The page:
It’s safe to say I wouldn’t be where I am today without the Cigar.
It sounds trite, like the usual moral spouted off at the end of an 80’s movie. It’s true, though. I was told from the start that the only first-hand experience I would get in journalism would be at the Cigar. It has turned out to be the best decision I’ve made at the University of Rhode Island.
I was able to grow in a number of ways here, and not just as a writer. When I turned in my first story to then-Sports Editor Mike Abelson, it was about the cross country team, barely reached 400 words and it did not feature any quotes. It was, in short, a total disaster.
I told Mike I was willing to work to get better, and I did. I wrote sometimes up to five stories a week my freshman year, striving to improve with each one. My reward at the end of the year was running uncontested for Mike’s position. I had several ideas on how to revamp the section, and I like to think I did. However, the experience I gained here is second to the friends I have made.
People wouldn’t call me the easiest person to like. I am opinionated, loud, sometimes vexing and willing to argue about just about anything. My freshman year was just about spent entirely in the Cigar office, with the only people who really understood me and were willing to talk with me until the lights went out in the Memorial Union.
I took the Student Senate beat because it meant more time to chat with then-Editor-in-Chief Hensley Carrasco, Managing Editor Shawn Saiya, News Editor Nancy Lavin and the other writers and editors who were on staff at the time. They were all seniors, but they gave their time to a freshman trying to get better. I still do my best to keep in touch with all of them to this day because they helped give me my start.
Since then, almost all of my new friendships have been a result of the Cigar. I have grown to be close friends with my fellow News Editor Brandon Maxwell, with whom I attended high school, over the years. We never spoke much during our secondary days, but the Cigar was where we became friends.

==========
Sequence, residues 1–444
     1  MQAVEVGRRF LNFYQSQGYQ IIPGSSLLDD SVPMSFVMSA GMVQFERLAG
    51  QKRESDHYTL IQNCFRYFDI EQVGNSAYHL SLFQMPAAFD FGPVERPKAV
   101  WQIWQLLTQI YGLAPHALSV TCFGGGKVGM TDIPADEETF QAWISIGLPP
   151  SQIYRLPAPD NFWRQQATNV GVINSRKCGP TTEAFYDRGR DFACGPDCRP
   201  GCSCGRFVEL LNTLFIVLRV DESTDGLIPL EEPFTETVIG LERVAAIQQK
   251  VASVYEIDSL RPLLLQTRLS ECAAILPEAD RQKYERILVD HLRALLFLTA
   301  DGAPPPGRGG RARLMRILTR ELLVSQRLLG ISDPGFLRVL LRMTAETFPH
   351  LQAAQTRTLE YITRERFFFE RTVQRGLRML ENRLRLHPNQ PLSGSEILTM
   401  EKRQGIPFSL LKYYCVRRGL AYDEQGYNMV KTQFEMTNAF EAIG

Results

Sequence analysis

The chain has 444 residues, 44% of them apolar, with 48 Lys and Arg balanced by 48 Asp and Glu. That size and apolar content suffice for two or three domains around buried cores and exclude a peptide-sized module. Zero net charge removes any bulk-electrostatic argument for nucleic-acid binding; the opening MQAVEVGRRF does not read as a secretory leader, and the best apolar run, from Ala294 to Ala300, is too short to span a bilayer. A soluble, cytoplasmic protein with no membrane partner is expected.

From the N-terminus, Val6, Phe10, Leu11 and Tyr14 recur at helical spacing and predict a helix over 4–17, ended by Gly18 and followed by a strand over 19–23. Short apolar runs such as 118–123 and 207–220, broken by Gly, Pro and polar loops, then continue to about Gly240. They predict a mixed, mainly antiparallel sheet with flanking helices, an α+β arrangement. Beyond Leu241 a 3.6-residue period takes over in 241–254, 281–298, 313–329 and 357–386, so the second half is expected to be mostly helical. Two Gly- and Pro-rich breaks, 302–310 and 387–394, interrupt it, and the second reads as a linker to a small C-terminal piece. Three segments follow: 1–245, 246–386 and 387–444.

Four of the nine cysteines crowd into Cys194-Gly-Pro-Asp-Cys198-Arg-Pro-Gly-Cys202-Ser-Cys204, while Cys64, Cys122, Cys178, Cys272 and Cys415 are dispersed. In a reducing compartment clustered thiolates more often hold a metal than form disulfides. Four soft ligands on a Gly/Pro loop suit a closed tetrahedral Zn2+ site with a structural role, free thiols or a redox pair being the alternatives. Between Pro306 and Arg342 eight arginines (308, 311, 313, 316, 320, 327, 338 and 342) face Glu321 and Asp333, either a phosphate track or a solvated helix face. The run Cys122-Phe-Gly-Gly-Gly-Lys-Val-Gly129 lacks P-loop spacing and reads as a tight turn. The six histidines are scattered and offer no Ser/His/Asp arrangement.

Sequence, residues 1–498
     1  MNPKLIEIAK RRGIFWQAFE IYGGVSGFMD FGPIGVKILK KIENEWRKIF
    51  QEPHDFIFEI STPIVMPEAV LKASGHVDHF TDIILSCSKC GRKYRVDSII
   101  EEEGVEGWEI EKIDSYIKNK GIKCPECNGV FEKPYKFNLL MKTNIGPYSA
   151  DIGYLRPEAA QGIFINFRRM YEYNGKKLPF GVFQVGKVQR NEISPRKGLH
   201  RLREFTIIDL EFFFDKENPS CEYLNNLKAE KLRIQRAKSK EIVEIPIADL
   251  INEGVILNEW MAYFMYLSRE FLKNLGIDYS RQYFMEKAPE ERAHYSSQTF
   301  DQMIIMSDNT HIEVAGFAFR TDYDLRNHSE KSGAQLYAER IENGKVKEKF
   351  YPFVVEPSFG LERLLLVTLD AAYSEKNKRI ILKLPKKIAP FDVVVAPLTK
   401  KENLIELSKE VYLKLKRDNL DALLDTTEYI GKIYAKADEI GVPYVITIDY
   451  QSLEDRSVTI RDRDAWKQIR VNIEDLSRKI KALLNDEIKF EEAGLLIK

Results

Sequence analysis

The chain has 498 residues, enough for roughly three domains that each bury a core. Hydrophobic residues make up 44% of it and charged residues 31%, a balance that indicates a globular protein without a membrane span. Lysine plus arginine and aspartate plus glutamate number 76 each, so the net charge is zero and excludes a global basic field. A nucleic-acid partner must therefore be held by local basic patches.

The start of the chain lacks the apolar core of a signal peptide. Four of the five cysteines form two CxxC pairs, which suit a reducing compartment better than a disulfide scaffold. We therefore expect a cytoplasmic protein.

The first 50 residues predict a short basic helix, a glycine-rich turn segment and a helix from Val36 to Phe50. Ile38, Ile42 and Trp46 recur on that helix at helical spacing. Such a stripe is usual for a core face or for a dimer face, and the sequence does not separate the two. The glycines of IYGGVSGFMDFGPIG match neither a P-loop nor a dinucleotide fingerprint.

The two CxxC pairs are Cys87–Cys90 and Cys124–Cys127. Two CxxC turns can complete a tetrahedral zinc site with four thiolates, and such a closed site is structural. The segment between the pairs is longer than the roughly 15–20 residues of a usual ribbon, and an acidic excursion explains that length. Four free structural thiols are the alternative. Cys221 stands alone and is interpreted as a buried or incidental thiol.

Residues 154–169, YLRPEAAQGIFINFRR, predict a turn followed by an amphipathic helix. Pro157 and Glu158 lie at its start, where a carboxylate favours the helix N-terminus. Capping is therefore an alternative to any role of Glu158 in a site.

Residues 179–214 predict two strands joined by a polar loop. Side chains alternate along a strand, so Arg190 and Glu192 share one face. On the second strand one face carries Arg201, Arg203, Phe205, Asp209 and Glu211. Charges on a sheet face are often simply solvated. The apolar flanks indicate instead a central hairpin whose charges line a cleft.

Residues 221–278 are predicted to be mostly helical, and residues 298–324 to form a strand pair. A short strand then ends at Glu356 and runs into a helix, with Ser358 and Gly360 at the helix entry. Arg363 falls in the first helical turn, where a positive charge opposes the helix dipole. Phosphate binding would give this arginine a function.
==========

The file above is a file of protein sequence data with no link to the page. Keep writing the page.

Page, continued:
Former Editor-in-Chief Alli Farrelly beat me in the election for the top spot at the Cigar, and the board made the right choice. She was the top reason this paper turned around last year, as she drove all of us to be better. She even helped recruit two of our most important editors from last year, Ryan Wichelns and Carla Aveledo.
Colin Howarth, the other senior departing from the Class of 2016, is one of the most dynamic reporters I have met. He started as a sports reporter, then moved up to sports editor; took on writing news and most recently did a series on religion. I feel those three deserved to be called out individually for being with me for all four years of this ride, and I’ve enjoyed every moment with them.
Perhaps, though, the most satisfying part of leaving the Cigar is that I know it is in good hands. Despite the fact we never get the respect we deserve from certain organizations, the groups of reporters and editors rising in the ranks will make this publication even better.
Our Editor-in-Chief Casey Kelly would hop on a grenade for the Cigar, and that same mentality extends down the chain of command. Managing Editor Olivia Perreault, Web Editor Emma Gauthier, Entertainment Editor Miranda Fraraccio and Sports Editor Alex House have all restored my faith in the future of the Cigar after my class graduates. Each of those editors possesses a unique skill set, and their dedication shows in their work.
The experience I gained at the Cigar was vitally important, but I remember the long Wednesday night productions more than I do the lacrosse article I wrote my freshman year. I remember every meeting and its nuances more than some basketball story. The Cigar has given me more than I could ever give back to it, and for that I am eternally grateful.